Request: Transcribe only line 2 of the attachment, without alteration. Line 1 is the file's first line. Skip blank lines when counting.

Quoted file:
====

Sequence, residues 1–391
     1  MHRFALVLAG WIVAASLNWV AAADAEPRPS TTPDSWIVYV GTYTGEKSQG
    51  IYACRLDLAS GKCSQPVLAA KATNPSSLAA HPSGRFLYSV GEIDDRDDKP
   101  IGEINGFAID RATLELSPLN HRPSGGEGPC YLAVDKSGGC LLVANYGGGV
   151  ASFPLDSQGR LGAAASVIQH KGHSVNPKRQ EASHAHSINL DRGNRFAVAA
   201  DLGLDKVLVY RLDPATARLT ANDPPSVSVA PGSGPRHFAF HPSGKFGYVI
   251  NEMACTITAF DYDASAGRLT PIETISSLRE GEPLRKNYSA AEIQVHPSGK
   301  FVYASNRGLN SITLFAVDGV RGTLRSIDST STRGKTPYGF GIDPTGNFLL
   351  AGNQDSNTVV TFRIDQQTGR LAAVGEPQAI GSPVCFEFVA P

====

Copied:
     1  MHRFALVLAG WIVAASLNWV AAADAEPRPS TTPDSWIVYV GTYTGEKSQG